Because of its specific impact on the regulation of cost-sharing agreements and, more generally, because it could open the door to APA challenges to other regulations, including but not limited to other transfer pricing rules, the government will strongly consider an appeal of this decision to the Ninth Circuit. A notice of appeal will be due 90 days after the Tax Court enters its final decision, but there is not yet a final, appealable order in Altera.

The Context for the Dispute. Code section 482 authorizes the Commissioner to allocate income and expenses among related parties to ensure that transactions between them clearly reflect income. Treas. Reg. § 1.482-1(b)(1) provides that “the standard to be applied in every case is that of a taxpayer dealing at arm’s length with an uncontrolled taxpayer.” In 1986, Congress amended section 482 to provide that, “in the case of any transfer (or license) of intangible property . . ., the income with respect to such transfer or license shall be commensurate with the income attributable to the intangible.” As noted by the Tax Court, Congress enacted this amendment to section 482 in response to concerns regarding the lack of comparable arm’s-length transactions, particularly in the context of high-profit-potential intangibles. Congress did not intend, however, to preclude the use of bona fide cost-sharing arrangements under which related parties that share the cost of developing intangibles in proportion to expected benefits have the right to separately exploit such intangibles free of any royalty obligation. See H.R. Conf. Rep. No. 99-841 (Vol. II), at II-637 to II-638 (1986).

In 1995, Treasury issued detailed new cost-sharing regulations that generally authorized the IRS “to make each controlled participant’s share of the costs . . . of intangible development under the qualified cost sharing arrangement equal to its share of reasonably anticipated benefits attributable to such development.” In Xilinx, Inc. v. Commissioner, 598 F. 3d 1191 (9th Cir. 2010), the Ninth Circuit affirmed the Tax Court’s holding that the regulations did not require the taxpayer to include employee stock options (“ESOs”) granted to employees engaged in development activities in the pool of costs shared under the cost-sharing arrangement. The court reasoned that the term “costs” in the regulation did not include ESOs because that would not comport with the “dominant purpose” of the transfer pricing regulations as a whole, which is to put commonly controlled taxpayers at “tax parity” with uncontrolled taxpayers. Because of the overwhelming evidence that unrelated parties dealing at arm’s length in fact do not share ESOs in similar co-development arrangements, the court concluded that such tax parity is best furthered by a holding that the ESOs need not be shared. (For a more detailed examination of Xilinx, see our contemporaneous analysis here.)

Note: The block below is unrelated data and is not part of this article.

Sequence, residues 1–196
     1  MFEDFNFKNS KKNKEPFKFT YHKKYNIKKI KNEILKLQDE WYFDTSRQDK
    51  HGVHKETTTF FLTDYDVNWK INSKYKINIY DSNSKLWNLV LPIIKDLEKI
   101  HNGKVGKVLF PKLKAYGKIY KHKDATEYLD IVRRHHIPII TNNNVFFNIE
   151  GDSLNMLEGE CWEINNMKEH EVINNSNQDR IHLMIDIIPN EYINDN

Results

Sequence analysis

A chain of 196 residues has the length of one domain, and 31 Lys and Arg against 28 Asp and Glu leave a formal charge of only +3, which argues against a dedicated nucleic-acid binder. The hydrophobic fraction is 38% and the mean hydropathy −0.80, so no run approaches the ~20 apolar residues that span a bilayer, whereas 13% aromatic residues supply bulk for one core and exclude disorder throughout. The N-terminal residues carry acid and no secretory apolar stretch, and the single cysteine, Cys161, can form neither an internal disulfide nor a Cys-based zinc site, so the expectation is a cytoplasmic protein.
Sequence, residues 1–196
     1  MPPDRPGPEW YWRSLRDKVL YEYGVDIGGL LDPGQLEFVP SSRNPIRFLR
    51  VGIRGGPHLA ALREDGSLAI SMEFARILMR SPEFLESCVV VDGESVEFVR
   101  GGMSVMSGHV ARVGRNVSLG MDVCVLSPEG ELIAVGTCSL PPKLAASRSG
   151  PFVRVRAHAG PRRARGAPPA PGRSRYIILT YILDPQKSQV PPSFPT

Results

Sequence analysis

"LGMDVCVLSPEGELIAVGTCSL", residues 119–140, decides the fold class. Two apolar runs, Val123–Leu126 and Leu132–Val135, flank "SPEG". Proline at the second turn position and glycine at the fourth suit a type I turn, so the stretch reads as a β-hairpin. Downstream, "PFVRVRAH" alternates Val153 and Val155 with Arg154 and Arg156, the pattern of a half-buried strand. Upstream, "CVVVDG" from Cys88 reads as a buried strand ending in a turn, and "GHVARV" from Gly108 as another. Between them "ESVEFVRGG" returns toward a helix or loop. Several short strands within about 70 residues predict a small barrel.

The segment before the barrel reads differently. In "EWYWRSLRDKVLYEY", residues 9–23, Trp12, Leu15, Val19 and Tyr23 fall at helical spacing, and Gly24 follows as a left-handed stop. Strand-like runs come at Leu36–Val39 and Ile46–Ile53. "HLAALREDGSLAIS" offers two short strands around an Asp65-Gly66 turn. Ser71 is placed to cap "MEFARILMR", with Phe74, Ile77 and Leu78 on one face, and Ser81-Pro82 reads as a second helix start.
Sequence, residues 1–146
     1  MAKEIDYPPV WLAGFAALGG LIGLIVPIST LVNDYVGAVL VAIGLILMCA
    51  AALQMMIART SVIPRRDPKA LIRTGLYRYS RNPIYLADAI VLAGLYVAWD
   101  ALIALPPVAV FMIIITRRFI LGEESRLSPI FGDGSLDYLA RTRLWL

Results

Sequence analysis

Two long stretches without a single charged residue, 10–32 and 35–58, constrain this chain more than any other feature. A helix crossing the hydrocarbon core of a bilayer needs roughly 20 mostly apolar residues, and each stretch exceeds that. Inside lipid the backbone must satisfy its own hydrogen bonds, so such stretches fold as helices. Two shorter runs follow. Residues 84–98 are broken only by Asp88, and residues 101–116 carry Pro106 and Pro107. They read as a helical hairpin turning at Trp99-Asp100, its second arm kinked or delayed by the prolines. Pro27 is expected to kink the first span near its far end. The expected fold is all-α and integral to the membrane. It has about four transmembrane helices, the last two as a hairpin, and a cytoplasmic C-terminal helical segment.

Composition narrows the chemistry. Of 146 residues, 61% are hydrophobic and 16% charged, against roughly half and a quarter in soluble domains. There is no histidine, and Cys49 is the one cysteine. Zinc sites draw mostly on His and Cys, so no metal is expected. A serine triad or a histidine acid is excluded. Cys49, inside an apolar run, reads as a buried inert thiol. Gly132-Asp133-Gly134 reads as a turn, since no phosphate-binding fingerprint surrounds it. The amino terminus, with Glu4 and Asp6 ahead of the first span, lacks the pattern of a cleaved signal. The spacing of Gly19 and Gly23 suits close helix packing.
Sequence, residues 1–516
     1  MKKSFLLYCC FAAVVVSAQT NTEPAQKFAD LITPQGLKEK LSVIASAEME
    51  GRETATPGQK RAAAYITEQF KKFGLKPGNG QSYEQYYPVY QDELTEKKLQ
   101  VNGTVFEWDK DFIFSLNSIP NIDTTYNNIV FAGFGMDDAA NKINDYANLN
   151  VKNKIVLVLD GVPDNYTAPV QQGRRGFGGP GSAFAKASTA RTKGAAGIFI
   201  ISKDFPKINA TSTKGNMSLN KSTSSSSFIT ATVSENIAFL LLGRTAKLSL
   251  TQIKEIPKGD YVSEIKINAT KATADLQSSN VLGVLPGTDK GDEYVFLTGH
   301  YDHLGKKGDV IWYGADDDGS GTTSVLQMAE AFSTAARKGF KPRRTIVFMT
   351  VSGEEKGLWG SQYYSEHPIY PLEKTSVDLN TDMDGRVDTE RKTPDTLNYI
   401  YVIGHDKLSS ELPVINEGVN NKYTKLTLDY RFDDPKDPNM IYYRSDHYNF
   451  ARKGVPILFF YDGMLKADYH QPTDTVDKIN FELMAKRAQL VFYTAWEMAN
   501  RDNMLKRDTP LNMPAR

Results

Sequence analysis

In 2003 (prior to the Xilinx decision), Treasury had amended the transfer pricing regulations that were applicable to the years at issue in Xilinx. The amended regulations explicitly address the interaction between the arm’s-length standard and the cost-sharing rules, as well as the treatment of ESOs. Treas. Reg. § 1.482-1(b)(2)(i) now states that “Treas. Reg. § 1.482-7 provides the specific methods to be used to evaluate whether a cost sharing arrangement . . . produces results consistent with an arm’s length result.” Contrary to Xilinx, Treas. Reg. § 1.482-7(d)(2), as amended, specifically identifies stock-based compensation as a cost that must be shared.

Altera did not include ESOs or other stock-based compensation in the cost pool under the cost-sharing agreement it entered into with a Cayman Islands subsidiary. In accordance with the 2003 regulations, the IRS asserted that those costs should be included in the pool, and that, as a result, Altera’s income should be increased by approximately $80 million in the aggregate.